Judith Sunderland, acting deputy director of the Europe and Central Asia division at Human Rights Watch, said that entrusting countries such as Hungary to care for would-be deportees was like “asking the school bully to walk the kid home.”

“It’s this lowest-common-denominator approach, satisfying everybody at least a little bit,” Sunderland said of the plan.

A spokesman for Hungarian Prime Minister Viktor Orban was noncommittal in his response to the plan Wednesday, saying in a statement that “we should form alliances with countries of origin, so that they are able to provide proper living standards and ensure that their people do not have to leave their homelands,” a suggestion that echoes in the proposal.

“Hungary does not support obligatory distribution,” wrote the spokesman, Zoltan Kovacs, stopping short of endorsing the plan.

European Commission leaders said deportations were another way to ensure that the broader migration system was running smoothly, without bottlenecks.

The heightened focus on deportations is a response to changes in who has been arriving. Whereas in earlier years many were fleeing war-torn Syria — and almost universally earning protection in Europe — a growing number now are deemed economic migrants, not eligible for legal status. In one of the documents released Wednesday, the European Commission noted that the share of migrants coming from countries with low recognition rates for legal protection has risen from 13 percent in 2015 to 55 percent in 2018.

Groups that deal with migrants expressed concern Wednesday that some of Europe’s proposals, such as an attempt to fast-track deportations, could lead to increased detention, rights abuses and the mistaken return of at-risk people.

The plan calls for fast-track border procedures in which people with “low chances” for asylum are rapidly screened.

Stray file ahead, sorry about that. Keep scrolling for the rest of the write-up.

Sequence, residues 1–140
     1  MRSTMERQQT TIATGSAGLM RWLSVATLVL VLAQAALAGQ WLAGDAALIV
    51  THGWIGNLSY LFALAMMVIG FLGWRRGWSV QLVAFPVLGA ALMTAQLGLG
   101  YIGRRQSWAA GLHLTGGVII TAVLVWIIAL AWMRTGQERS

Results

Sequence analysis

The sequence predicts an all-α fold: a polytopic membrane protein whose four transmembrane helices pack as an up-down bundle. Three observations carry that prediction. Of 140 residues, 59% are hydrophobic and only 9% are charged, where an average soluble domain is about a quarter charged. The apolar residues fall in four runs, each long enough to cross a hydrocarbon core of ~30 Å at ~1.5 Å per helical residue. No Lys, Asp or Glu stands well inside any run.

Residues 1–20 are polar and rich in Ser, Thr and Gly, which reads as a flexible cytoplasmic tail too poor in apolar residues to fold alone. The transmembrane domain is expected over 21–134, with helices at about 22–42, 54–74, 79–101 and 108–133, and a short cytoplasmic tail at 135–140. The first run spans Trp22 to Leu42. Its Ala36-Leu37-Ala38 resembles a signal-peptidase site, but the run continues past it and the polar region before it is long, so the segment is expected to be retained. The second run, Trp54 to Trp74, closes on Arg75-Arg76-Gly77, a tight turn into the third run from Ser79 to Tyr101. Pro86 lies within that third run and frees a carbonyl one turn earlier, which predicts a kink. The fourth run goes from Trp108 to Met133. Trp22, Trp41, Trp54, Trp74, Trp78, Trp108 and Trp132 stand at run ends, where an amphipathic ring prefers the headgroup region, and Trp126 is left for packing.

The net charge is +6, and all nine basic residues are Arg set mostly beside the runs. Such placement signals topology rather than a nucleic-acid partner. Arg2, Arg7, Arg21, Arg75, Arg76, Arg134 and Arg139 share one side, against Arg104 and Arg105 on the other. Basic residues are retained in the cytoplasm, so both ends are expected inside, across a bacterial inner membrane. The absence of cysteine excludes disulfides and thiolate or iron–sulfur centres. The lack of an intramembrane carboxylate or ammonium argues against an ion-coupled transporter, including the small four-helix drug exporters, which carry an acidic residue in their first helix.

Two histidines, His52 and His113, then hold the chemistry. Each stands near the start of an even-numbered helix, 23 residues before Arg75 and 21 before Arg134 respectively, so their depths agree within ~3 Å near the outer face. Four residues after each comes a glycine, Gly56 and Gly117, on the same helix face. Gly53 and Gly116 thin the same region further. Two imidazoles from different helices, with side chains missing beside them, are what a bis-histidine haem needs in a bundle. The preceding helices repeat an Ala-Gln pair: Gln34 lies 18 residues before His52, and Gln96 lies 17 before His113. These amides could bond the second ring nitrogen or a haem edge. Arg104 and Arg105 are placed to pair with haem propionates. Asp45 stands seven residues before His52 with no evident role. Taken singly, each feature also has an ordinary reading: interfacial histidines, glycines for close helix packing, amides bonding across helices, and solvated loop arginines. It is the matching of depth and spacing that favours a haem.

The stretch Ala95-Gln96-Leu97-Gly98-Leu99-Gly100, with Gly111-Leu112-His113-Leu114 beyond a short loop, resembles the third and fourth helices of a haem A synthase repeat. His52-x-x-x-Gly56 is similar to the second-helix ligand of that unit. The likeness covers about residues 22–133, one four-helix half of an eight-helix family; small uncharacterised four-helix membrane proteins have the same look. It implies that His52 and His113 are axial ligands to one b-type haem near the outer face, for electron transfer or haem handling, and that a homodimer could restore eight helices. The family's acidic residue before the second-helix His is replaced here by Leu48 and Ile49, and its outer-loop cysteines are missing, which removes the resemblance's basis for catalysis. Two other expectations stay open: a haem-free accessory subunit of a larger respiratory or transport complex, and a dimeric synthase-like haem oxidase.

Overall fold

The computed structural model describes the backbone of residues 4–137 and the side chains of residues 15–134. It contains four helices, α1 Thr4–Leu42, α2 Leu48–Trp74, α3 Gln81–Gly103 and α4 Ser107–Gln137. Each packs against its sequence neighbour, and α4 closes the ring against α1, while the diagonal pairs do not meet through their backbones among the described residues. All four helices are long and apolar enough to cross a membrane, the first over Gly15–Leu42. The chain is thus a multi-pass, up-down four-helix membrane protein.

“They will have their return decision very quickly, and they will be returned,” said the European commissioner for home affairs, Ylva Johansson. “I think this will have people think twice before paying a lot of money to smugglers and before risking their lives going into these dangerous boats.”

Europe has struggled to carry out deportations, despite numerous pledges to improve numbers. Only about a third of people who are given deportation orders are actually sent to their home countries. Countries in the Middle East and Africa, from where most migrants to Europe originate, have been reluctant to accept returns. In some cases, their economies rely on remittances from workers in wealthier countries. Countries also feel that Europe has not done enough to offer legal pathways for their citizens to come on student or work visas.

Hanne Beirens, director of the Migration Policy Institute Europe in Brussels, said it was a “blemish” on Europe that the continent has had such a hard time overhauling its migration system, even as the level of arrivals has become far more manageable. Even now, humanitarian rescue boats in the Mediterranean are often stuck for days as countries squabble over whether to accept the boat at port — and what to do with the migrants who arrive.